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Celebrating 150 years

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Fernald Hall

Fernald Hall

Fernald Hall was the university’s first academic building; construction began in 1868, the year the first students enrolled. Completed in 1870, it is the oldest building in the Historic District. Called “Chemical Hall” when it was first built, Fernald contained classrooms and chemical laboratories, as well as a small library in the basement. Alpheus C. Morse of Providence, Rhode Island, designed the building. Fernald Hall is similar to another classroom building that Morse designed for Brown University, also named Chemical Hall. The bricks used in its construction were manufactured on campus by a local contractor. Students supplied much of the labor to make the bricks and construct the building.

Chemical Hall’s name was changed to Fernald Hall in 1896 in honor of Merritt C. Fernald, the first faculty member and second president of Maine State College. Fernald Hall has, at various times, housed chemical laboratories, classrooms, a bookstore, a library, a chapel and snack bar, as well as faculty offices and the Women’s Resource Center.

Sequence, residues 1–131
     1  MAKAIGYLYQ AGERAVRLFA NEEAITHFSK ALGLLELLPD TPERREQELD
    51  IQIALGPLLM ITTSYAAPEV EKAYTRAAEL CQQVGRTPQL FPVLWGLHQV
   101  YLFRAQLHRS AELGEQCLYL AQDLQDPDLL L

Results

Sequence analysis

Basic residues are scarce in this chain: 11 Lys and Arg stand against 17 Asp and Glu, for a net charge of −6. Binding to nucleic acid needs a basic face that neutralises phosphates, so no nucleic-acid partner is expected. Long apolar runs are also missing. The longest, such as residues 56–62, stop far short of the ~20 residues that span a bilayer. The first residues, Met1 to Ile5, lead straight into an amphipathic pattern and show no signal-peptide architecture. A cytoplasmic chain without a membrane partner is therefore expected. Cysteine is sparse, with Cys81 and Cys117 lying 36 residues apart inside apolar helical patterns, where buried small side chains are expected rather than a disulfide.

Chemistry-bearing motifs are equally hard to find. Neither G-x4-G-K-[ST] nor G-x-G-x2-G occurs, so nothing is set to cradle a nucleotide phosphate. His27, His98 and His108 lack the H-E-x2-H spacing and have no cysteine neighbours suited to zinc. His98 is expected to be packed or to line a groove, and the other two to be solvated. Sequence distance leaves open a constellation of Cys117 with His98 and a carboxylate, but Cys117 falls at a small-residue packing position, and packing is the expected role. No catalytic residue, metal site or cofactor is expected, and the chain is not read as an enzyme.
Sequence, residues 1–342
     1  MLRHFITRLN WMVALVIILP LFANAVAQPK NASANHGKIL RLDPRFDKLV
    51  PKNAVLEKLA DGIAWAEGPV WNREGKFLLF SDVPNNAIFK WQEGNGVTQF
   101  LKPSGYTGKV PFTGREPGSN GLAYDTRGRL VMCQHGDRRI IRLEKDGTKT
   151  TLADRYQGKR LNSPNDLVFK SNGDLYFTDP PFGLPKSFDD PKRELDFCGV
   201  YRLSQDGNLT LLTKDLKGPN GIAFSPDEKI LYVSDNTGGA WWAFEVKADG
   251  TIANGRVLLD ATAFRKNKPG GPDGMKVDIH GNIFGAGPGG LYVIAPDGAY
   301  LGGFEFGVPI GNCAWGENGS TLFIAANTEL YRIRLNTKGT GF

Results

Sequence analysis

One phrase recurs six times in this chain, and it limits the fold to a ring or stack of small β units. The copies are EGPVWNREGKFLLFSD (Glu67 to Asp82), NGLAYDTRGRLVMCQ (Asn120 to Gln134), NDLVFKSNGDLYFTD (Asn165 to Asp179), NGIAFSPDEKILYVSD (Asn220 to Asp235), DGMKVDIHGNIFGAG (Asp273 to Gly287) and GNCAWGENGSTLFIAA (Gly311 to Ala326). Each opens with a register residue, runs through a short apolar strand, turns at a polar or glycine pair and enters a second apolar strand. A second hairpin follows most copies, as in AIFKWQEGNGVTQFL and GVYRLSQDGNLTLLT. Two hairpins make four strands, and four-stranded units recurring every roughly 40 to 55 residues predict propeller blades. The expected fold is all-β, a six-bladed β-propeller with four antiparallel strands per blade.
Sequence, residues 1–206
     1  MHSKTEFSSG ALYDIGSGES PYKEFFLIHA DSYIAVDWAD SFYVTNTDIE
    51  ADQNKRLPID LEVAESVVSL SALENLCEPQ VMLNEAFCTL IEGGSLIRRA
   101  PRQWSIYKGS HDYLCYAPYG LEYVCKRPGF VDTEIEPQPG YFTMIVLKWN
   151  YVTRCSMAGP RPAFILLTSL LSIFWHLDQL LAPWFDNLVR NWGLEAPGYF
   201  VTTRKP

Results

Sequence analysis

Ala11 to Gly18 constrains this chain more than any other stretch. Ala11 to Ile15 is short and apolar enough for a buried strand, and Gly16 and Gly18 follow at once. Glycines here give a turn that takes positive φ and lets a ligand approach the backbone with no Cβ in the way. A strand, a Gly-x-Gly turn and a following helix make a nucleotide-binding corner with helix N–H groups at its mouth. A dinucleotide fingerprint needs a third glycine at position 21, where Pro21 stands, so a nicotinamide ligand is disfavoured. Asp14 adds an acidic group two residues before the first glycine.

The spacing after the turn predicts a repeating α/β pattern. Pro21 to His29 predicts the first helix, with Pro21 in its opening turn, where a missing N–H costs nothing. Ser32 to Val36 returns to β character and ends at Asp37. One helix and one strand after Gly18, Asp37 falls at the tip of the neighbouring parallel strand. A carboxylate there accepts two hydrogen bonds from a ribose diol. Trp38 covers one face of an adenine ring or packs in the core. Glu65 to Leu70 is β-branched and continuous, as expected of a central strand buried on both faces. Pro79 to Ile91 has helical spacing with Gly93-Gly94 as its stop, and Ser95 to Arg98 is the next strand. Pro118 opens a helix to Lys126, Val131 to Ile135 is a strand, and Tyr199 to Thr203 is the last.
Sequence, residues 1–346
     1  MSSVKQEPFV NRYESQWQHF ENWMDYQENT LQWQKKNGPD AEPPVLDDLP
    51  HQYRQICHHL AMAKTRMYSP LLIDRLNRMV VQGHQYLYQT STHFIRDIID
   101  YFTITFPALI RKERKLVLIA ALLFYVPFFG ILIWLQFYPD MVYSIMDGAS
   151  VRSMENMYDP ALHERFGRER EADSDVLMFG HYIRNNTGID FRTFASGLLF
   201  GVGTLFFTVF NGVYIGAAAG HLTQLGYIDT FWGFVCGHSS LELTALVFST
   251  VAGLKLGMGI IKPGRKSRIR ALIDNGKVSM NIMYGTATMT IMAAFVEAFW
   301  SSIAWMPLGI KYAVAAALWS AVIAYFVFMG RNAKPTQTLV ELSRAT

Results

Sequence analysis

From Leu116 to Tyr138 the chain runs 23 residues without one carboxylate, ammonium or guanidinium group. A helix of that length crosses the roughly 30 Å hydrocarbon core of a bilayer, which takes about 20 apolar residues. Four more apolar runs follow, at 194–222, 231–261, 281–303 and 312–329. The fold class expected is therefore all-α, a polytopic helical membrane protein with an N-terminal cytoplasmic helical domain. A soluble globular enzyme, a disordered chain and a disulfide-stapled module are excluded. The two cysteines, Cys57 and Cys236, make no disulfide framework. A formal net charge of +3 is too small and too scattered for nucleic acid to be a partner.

Fernald Hall has traces of Ivy Day plaques between the windows on the first story. Ivy Day plaques commemorate Ivy Day, a late 19th century University of Maine tradition. Graduating seniors planted ivy and placed ivy-shaped stone plaques engraved with their year of graduation on buildings.

Fernald Hall has been remodeled a number of times. In 1896, the original one-story ell was destroyed by fire and replaced with a two-story ell. In 1934, two new second-story windows were added to the rear of the building (facing Munson Road), and new granite steps, taken from Lord Hall, were added to the rear entry. In 1968, the main entrance was redirected from west to east (from facing the Stillwater River to facing Munson Road). The original (west) entry door was removed and a window was installed in its place. A new stairwell and entrance were added to the south elevation, and a new service door entrance was added to the north elevation. In 1984, part of Fernald’s slate roof was removed and replaced with a modern membrane roof assembly.

 

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